Tuesday, March 21, 2017

Off the Shelf: We Are the Flesh

by Patrick Bromley
I literally have no idea what to say.

I have been hearing about We Are the Flesh (Tenemos la carne), a new Mexican horror film from writer/director Emiliano Rocha Minter, since it played the festival circuit last year and reviews that weren't just positive but were of the "you won't believe what you're seeing" variety. With this in mind, I went into the movie with some apprehension, expecting to see some really gnarly violence (I knew there was a cannibal element and nothing more). The good news is this: that does not describe We Are the Flesh, a movie that doesn't feature a ton of gore but which is fucked up in ways I was not prepared for. Therein lies the bad news. We Are the Flesh wants to push buttons, and push buttons it does. I just don't know what to do with any of it.
I'm not entirely sure how to describe the plot of the film. There's this super weird guy named Mariano (Noé Hernández), who lives alone underground, hidden away from some hinted-at apocalypse above. A sister and brother (María Evoli and Diego Gamaliel) find their way underground and Mariano takes them in...only with some conditions. Things get increasingly fucked and then more and more people get introduced into the mix, which only makes things weirder and more psychotically debaucherous. Past that, I'm at a loss for words.

I would never say We Are the Flesh is a "bad" movie. It is a challenging one, existing somewhere at the crossroads of Jodorowsky and Gaspar Noé. It is surrealist and incredibly bleak about human nature. It is horrifying in the ideas it offers and some of the imagery, though more so in a moralistic way than in anything particularly violent. The sex in the movie appears to be unsimulated, though I cannot say for sure. The graphicness of the fucking is not what's going to upset some (though it will for sure), but rather who it is that's doing the fucking. This is a movie that goes out of its way to be depraved. It is about depravity -- about finding a family in depravity, actually, and then fucking that family.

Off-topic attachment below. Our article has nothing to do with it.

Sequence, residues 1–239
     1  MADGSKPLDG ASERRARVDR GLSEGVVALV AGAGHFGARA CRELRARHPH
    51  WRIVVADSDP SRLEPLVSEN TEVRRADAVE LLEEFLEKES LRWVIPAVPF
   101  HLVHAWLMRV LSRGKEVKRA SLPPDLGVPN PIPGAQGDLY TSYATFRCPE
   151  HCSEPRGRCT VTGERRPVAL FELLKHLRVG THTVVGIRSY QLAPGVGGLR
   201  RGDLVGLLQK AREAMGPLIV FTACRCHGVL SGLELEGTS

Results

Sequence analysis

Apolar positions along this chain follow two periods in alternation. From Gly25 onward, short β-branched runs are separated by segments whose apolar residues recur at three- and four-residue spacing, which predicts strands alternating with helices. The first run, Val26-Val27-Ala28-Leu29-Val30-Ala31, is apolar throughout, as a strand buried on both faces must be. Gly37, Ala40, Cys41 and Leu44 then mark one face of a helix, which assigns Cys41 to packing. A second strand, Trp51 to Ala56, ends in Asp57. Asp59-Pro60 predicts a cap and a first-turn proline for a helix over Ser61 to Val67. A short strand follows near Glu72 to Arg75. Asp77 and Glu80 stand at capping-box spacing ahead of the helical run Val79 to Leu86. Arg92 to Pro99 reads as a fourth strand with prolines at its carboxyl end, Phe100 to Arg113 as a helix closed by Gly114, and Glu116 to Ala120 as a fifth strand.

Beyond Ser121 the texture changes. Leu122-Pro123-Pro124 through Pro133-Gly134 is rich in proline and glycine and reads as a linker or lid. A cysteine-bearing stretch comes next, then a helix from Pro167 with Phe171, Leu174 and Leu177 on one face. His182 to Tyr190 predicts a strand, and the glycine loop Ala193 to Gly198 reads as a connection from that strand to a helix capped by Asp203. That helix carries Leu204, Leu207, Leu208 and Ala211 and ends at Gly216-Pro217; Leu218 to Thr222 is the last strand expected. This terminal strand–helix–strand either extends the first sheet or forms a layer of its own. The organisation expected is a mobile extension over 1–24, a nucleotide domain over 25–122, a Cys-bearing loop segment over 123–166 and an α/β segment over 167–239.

Though they're best known for releasing classic horror, exploitation and cult movies, Arrow Video is putting out a new film with We Are the Flesh, presenting the movie in a 1080p HD transfer in its original 1.85:1 widescreen aspect ratio. There are two short films from Minter included, "Dentro" and "Videohome," as well as an interview with Electric Sheep editor Virginie Sélavy on what the movie might be all about. There's an hour's worth of interviews with Minter, Noé Hernández, Maria Ivoli and Diego Gamaliel, as well as an image gallery and the original trailer.

We Are the Flesh is a movie to be experienced more than it is enjoyed, and while I can appreciate a filmmaker who is clearly an artist and who wants to push the boundaries of both cinema and taste, the results leave me cold. Your mileage may vary, as there is an abstract and often beautiful quality to the movie that is not without merit. I have little doubt that Minter made the movie he wanted to make and applaud both the independent system that allowed him to make it and Arrow for putting it out on Blu-ray uncompromised. But there are plenty of other movies about weird sexuality and the darkness of the human soul that I would rather revisit.

Blu-ray release date: February 28, 2017
2016/80 minutes/Not Rated
1.85:1 (1080p)
5.1 DTS HD (Spanish)/LCPM 2.0 (Spanish)
Subtitles: English

Blu-ray Bonus Features:
Short Films
Still Gallery


  1. i saw that at the Fantasia Festival in Montreal last summer. i hated it, i was super bored. my friend loved it.

  2. You had me at "existing somewhere at the crossroads of Jodorowsky and Gaspar Noé." I might have to seek this out.